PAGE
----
A federal judge decided that Jared Loughner, accused of killing six when he opening fire on a public appearance of Rep. Gabrielle Giffords (D-AZ) in Tucson, is not competent to stand trial.

The decision was handed down by Judge Larry Burns, who serves on the U.S. District Court for the Southern District of California.

A pyschologist and a psychiatrist agreed that Loughner is schizophrenic, a conclusion they reached after examining Loughner while he was held at a federal prison in Missouri. The doctors referenced his distrust of lawyers and inability to grasp the justice system.

After the shooting, journalists probing into Loughner's past found what seemed to be warning signals of his mental instability. Loughner's former philosophy professor spoke of his nonsensical, disconnected thinking and said he attempted to get Loughner into counseling, although the professor said he had not detected any violent tendencies. Another professor described Loughner's rant over losing credit for a late paper prompting her to call the police.

Loughner is likely bound for a treatment program aimed at rehabilitating him so he can be tried. The 1960 Supreme Court decision Dusky v. United States laid the legal framework for determining psychological capacity to be tried in court, establishing that an individual must be able to communicate with his lawyer and understand the charges against him. Doctors who examined Loughner said he could do neither, citing his paranoid distrust of lawyers.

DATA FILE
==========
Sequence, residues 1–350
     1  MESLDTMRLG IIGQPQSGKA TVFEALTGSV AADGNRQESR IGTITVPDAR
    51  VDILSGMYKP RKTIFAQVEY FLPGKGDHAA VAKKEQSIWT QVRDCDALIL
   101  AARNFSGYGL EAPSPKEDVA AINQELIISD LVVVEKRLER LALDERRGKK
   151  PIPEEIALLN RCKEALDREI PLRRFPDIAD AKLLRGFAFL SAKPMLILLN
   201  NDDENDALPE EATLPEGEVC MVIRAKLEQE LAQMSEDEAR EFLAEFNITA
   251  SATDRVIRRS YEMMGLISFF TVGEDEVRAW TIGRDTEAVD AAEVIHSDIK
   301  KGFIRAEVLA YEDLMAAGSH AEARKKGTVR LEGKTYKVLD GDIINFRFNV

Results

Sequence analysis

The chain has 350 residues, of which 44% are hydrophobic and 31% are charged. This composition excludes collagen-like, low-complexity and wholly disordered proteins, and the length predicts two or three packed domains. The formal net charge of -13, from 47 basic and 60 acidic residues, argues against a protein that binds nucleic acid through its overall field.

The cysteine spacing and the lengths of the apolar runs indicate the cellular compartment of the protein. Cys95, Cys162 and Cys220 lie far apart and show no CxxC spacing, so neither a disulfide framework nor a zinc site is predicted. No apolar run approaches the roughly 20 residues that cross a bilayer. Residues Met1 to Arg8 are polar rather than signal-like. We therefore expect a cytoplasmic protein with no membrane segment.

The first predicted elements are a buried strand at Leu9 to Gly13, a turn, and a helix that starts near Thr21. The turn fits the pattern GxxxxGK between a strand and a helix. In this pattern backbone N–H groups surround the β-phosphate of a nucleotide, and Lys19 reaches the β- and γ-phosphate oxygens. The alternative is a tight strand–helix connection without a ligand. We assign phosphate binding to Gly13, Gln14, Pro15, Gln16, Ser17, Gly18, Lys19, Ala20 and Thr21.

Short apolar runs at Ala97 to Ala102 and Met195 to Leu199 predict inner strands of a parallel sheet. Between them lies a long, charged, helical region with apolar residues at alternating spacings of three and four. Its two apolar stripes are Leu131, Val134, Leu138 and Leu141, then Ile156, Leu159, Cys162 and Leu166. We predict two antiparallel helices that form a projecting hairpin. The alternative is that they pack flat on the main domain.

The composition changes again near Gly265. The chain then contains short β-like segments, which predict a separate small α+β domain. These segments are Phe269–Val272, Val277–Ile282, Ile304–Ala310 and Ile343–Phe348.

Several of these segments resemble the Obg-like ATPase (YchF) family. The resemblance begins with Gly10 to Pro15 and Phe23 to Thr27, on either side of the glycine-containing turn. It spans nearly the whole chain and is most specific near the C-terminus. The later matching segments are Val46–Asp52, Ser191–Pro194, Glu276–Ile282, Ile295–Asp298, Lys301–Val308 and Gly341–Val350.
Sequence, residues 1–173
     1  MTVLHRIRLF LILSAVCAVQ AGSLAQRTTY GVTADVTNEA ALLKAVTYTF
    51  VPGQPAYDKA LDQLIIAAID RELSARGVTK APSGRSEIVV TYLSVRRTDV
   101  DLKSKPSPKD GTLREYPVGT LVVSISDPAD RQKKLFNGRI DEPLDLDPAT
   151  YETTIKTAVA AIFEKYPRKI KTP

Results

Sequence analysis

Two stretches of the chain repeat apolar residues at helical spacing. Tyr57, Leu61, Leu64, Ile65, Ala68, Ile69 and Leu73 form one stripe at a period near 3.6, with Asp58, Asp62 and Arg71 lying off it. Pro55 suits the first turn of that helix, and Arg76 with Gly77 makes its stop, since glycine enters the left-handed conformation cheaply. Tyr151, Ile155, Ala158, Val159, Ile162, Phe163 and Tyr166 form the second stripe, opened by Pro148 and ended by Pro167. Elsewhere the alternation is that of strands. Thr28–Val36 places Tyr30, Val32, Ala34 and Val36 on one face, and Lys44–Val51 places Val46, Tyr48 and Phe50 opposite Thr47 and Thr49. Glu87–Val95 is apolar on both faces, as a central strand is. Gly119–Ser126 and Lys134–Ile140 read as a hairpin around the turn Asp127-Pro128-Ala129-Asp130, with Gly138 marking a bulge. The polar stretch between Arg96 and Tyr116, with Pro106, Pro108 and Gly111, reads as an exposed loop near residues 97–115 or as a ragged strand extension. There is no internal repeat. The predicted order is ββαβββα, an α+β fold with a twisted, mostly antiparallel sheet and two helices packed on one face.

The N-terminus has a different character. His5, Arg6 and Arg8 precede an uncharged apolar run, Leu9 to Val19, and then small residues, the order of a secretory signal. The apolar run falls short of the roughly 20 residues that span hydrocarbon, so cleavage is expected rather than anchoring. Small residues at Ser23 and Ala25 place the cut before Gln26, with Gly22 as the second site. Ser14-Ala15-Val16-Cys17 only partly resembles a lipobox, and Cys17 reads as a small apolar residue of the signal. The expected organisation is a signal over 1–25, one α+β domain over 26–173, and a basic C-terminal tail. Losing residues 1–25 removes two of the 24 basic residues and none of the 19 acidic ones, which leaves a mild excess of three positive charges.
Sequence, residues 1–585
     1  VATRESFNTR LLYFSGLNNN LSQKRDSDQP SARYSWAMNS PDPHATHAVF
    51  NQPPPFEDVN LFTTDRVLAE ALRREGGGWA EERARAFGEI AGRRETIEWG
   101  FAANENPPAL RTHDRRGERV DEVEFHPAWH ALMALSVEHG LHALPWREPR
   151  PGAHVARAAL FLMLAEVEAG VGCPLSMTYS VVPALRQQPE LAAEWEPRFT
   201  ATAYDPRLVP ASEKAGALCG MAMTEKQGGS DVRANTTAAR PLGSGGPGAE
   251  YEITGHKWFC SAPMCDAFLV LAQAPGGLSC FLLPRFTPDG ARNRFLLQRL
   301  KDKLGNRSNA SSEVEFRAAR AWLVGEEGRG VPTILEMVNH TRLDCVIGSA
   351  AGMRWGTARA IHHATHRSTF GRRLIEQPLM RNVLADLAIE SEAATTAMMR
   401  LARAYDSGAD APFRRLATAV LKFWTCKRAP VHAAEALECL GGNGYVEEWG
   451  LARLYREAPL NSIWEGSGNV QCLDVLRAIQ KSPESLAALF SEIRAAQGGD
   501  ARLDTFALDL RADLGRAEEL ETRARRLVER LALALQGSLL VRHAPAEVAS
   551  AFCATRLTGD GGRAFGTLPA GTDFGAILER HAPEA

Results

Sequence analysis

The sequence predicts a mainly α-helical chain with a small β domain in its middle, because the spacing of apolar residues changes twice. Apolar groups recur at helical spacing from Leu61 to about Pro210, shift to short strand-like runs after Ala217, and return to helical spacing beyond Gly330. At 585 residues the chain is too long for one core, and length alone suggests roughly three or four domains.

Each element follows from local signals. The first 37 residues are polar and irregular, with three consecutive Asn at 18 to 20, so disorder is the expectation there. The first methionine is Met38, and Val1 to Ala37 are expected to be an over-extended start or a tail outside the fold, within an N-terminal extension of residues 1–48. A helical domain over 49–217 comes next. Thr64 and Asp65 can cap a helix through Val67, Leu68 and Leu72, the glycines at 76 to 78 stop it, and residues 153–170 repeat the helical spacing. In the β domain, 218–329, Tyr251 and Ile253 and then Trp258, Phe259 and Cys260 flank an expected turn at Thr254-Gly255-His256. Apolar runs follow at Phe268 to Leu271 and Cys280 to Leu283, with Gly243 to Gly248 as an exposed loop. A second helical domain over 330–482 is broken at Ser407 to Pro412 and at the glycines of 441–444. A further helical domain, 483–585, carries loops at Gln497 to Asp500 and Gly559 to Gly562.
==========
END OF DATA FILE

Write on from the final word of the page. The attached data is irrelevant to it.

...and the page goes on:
Declaring someone criminally insane carries much more weight and often involves years in a psychiatric hospital. But those labeled unfit for trial generally go through a temporary period of treatment aimed at restoring their ability to stand trial. This consists of both medication and education on what a trial would entail, from the fundamental workings of the justice system to basic rules of behavior.

People can be restored to competency with treatment most of the time, said Dr. Pogos Voskanian, a clinical and forensic pychiatrist who has provided expert testimony in trials. They don't have to be perfect as long as they can reasonably well cooperate with their lawyer and they have reasonable comprehension of the charges against them.

While it is possible that further adjudication will find Loughner insane, Voskanian said that such cases are extremely rare.